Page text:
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The Mainland Devils project has featured in mainstream media.
Sun Herald - 12 August 2007 - The (Tasmania) devil's in the detail
With their distinctive snarls and fierce faces Tasmania devils are a powerful symbol of Australia's most southern state.
But could pockets of the animals, thought to have long ago died out on the mainland, still exist in Victoria and even NSW?
Two amateur naturalists believe so and have embarked on a project to monitor wildlife traffic in rural areas with cameras in the hope of turning up evidence of mainland devils.
With Tasmania's population of devils threatened by a debilitating facial tumour disease, the idea of discovering a genetically distinct population has been greeted with cautious interest by mainstream biologists.
"If there's a slight chance it's true then putting effort into pursuing the idea is worth it," said Dr Jenny Martin, a lecturer in the Department of Zoology at the University of Melbourne.
"But it would be pretty amazing if it was true."
Once found across most of the Australian mainland, devil numbers went into serious decline following the arrival of dingoes from Asia between 3500 and 4000 years.
It is thought an increase in human populations at that time may also have affected numbers.
The last mainland devil is thought to have become extinct about 400 years ago, although some scientists speculate the creatures may have maintained a foothold during early European settlement.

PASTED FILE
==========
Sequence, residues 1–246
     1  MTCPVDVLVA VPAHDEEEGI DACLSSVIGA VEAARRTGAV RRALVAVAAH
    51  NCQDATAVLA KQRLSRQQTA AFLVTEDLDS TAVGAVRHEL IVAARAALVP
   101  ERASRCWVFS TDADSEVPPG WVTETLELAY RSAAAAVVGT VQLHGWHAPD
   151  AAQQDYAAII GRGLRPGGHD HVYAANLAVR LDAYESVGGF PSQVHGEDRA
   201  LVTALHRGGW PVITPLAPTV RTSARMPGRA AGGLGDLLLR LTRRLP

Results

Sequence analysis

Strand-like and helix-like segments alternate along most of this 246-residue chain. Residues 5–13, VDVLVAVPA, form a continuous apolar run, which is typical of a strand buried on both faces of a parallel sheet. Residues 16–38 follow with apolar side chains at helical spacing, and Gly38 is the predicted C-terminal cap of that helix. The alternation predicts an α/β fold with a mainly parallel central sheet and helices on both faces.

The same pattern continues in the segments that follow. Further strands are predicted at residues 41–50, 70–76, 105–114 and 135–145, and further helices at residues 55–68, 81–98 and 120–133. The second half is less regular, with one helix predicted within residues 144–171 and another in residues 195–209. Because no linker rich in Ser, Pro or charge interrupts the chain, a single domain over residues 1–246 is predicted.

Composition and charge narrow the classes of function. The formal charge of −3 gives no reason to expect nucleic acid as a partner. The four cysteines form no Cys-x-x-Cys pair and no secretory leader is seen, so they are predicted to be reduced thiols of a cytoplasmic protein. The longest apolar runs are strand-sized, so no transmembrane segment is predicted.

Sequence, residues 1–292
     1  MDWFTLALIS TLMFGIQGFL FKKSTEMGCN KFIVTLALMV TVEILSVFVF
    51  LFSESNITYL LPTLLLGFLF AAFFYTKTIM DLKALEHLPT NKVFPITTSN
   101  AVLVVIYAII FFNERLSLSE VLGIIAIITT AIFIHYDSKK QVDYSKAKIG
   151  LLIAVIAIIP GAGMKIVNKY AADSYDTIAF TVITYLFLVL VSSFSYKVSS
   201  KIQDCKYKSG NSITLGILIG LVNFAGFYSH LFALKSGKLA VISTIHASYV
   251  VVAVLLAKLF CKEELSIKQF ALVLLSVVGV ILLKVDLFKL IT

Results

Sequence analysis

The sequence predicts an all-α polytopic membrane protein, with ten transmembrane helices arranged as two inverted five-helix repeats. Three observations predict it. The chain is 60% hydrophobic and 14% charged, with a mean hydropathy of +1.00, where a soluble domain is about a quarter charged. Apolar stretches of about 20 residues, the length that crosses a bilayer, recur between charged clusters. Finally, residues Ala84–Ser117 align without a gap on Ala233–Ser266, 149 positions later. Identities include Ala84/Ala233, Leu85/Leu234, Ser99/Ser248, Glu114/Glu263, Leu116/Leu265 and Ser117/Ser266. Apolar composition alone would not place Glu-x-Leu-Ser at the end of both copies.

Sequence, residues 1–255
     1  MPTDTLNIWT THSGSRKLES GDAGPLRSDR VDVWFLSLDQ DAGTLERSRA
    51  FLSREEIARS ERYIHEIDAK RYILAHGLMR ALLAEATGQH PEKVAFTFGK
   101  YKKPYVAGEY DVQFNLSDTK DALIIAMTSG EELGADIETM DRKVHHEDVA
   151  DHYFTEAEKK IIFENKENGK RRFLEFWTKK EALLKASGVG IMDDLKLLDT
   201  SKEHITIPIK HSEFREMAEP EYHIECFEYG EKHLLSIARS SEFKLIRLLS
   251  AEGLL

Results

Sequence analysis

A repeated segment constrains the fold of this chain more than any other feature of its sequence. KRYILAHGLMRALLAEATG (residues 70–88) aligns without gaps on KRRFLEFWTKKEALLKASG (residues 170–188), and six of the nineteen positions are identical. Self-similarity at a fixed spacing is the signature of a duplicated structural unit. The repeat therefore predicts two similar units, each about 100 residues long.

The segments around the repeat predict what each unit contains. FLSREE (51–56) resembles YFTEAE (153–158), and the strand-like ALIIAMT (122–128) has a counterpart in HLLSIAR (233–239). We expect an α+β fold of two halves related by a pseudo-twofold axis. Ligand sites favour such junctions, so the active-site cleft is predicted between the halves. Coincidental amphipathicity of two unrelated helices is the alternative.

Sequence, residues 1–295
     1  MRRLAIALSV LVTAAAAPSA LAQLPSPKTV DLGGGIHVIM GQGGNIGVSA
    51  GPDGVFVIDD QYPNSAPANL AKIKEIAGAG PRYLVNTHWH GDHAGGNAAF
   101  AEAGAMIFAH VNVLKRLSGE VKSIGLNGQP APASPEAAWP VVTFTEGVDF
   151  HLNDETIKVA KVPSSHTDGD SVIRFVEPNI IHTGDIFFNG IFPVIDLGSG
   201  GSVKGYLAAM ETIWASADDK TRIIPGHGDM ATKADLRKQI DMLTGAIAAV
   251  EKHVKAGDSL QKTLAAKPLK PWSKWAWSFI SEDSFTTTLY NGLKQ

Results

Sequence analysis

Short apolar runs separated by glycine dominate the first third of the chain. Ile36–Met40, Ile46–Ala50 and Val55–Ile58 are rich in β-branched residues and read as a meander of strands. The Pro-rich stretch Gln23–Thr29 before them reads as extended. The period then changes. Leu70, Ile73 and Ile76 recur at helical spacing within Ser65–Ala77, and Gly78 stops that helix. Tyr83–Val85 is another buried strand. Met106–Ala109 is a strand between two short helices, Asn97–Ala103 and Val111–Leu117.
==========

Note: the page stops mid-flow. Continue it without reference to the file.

Amateur naturalists Chris Rehberg and Debbie Hynes hope that pockets of devil population may still be existance in Victoria and as far north as NSW.
They base their suppositions on a series of devil carcasses that have been found in Victoria over the past 100 years.
Some are now held by Museum Victoria.
"We know that a number of devils have been found since the early 1900s and 1991," said Rehberg, who operates the nature website www.wherelightmeetsdark.com.
"There's at least three and as many as six."
While it is possible the carcasses were the product of animals which escaped from zoos or private collections, the pair believe they may also indicate the presence of as yet undiscovered populations.
They aim to analyse the data and use it to determine the best locations to position infrared remote cameras, which would be triggered by the passing fauna.
Hynes, who operates the website www.thylacoleo.com, has already used the technique to locate a colony of bobucks, mountain brushtail possums, previously missed by other naturalists.
They also propose capturing hair samples for DNA testing.
Professor Chris Johnson a biologist from James Cook University with an interest in the extinction of Australian fauna said locating genetically distinct devils on the mainland was very unlikely.
However, he said if they were found they could possibly be used to help fight facial tumour disease, a condition which is seriously affecting devil numbers.
"It would be an extraordinarily valuable genetic resource to release back to the Tasmanian population," he said.